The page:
Fuel bladders, fuel storage bladders are a type of Flexi-bag used as a fuel container. They are collapsible, flexible storage bladders (also known as tanks) that provide transport and storage (temporary or long term) for bulk industrial liquids such as fuels.
Standard fuel bladder tanks sizes range from 100-US-gallon (380 L) to 200,000-US-gallon (760,000 L) capacities and larger. Custom fuel storage bladders and cells are available, although at sizes exceeding 50,000 US gallons (190,000 L) there is an increased spill risk. To minimize the risk of leakage, and for the sake of containing a catastrophic spill, all fuel bladders should be housed in secondary containment (bunding). The use of fuel bladders without precautionary measures is risky and should not be undertaken. The EPA has set clear guidelines for the use of secondary containment concerning fuel bladders and imposes fines for discharging of fuel into the environment.
Fuel bladders are used in various fields, such as agribusiness, public works, humanitarian, military and industrial areas. Standard tanks are designed for land based use and operations, but can be used in marine settings and in aviation given proper support. Fuel bladders are also commonly used in oil spill recovery operations.
High end fuel bladders offer a high degree of protection of the stored liquids, ensuring the contents never come in contact with air. This ensures that there is no risk of evaporation or explosion due to gas formation. In order to prevent liquid contamination, a neutral barrier film is added to the fuel bladder's interior.
Fuel bladders are most useful in situations where critical infrastructure has been compromised or does not exist. The benefits of using a flexible storage system like fuel bladders include their ability to be transported and set up quickly. GMA Cover Corp. advertises that their pillow shaped bladders are foldable at less than 5% of the total volume. Fuel bladders have high resistance to climatic conditions, which makes them useful for use in disaster zones and wartime desert operations.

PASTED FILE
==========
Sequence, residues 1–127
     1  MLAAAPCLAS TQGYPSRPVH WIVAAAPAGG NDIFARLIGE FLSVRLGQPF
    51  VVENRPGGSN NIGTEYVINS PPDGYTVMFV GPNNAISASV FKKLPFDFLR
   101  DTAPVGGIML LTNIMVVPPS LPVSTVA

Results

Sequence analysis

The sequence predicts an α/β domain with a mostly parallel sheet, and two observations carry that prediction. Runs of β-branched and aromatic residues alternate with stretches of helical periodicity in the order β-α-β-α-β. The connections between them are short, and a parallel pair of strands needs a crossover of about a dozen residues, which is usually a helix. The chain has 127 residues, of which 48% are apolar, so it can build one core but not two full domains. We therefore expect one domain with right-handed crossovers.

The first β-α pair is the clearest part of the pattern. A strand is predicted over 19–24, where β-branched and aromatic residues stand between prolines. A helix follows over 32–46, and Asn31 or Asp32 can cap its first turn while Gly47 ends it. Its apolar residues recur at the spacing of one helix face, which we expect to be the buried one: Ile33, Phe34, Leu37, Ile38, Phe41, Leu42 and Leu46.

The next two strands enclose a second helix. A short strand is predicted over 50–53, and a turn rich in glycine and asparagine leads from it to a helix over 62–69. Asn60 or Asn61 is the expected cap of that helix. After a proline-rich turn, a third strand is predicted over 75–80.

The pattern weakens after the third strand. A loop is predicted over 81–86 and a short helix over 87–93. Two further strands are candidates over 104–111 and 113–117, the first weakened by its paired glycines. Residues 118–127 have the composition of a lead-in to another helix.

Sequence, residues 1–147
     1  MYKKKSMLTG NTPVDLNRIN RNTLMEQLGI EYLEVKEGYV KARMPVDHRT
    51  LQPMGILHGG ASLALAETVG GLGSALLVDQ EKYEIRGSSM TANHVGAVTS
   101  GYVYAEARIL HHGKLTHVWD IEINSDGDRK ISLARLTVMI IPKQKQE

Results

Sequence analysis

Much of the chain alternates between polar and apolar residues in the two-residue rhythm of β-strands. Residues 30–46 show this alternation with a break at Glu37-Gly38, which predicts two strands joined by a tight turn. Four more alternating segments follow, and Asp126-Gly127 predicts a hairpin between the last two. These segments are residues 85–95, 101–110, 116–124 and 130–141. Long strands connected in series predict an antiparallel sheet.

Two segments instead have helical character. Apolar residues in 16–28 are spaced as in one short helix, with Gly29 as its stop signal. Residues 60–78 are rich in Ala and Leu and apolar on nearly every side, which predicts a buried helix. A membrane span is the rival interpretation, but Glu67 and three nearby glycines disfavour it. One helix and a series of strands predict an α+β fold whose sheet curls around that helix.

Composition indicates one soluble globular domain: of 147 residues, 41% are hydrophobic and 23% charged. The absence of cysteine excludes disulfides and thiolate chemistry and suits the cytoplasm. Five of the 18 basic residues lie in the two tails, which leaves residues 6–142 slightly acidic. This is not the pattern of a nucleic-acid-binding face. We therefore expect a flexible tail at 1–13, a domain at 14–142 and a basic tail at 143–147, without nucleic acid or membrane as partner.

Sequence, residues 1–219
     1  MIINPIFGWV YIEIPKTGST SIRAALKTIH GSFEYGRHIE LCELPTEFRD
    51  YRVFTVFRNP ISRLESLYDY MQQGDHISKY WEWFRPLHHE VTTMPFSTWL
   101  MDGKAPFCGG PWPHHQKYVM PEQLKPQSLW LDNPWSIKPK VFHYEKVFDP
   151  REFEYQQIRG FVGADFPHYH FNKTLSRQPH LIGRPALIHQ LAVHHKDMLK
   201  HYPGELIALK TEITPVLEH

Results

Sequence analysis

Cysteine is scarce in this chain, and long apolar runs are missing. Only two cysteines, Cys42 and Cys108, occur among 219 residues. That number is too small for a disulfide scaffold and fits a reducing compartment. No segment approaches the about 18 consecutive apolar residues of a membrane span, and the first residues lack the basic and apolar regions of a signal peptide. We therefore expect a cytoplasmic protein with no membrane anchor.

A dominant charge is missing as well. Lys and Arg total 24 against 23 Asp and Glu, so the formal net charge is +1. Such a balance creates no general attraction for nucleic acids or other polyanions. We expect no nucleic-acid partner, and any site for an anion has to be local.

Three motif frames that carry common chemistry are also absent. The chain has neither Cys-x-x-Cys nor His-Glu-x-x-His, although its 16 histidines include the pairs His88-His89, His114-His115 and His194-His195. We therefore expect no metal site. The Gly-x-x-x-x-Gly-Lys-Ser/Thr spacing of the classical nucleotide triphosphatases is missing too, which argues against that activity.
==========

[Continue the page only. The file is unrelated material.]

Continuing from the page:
High end fuel bladders are made of elastomer coated fabrics usually manufactured by homogeneous vulcanization in one operation. The fabrics ensure mechanical strength needed for shipment and storage. The coatings and design engineering provide compatibility with the intended contents (fuel).
Fuels are often classified as dangerous goods thus haves strict regulations for container construction, field performance, and markings.
Fuel bladders can come equipped with all the necessary components for transportation; for example, water transportation or fuel transportation on vehicles. Flexible tanks are equipped with adjustable skirts and adjustable towage straps designed to provide high resistance to transport constraints. Adjustable skirts may be replaced by a strap net in case the users need to transform a traditional storage tank to a transportable flexible tank. Specially developed flexible fuel bladders can also be towed by sled, as in the unique Antarctic expeditions made by American, German and British science teams.
Main article: Flexi-bag
Pillow shaped tanks can be designed for non-fuel bulk liquid transport, industrial chemicals, potable water, sludge, and fuel storage. They are also used as "water bladders". The synthetic fabrics used are tough and strong to avoid damage and to prevent leakage.
Ultra-tough "crash-worthy" fuel bladders, reinforced with such fibers as Kevlar, are popular in the motorsports industry and are considered a critical safety component, mandated by racing's top series such as Formula 1 and NASCAR. The development of the flexible crash-worthy fuel bladder has significantly reduced the number of fires, and subsequent explosions, often experienced in a violent auto racing crashes. The same crash-worthy technology can also be found in military/industrial vehicles, combatant craft and aircraft.
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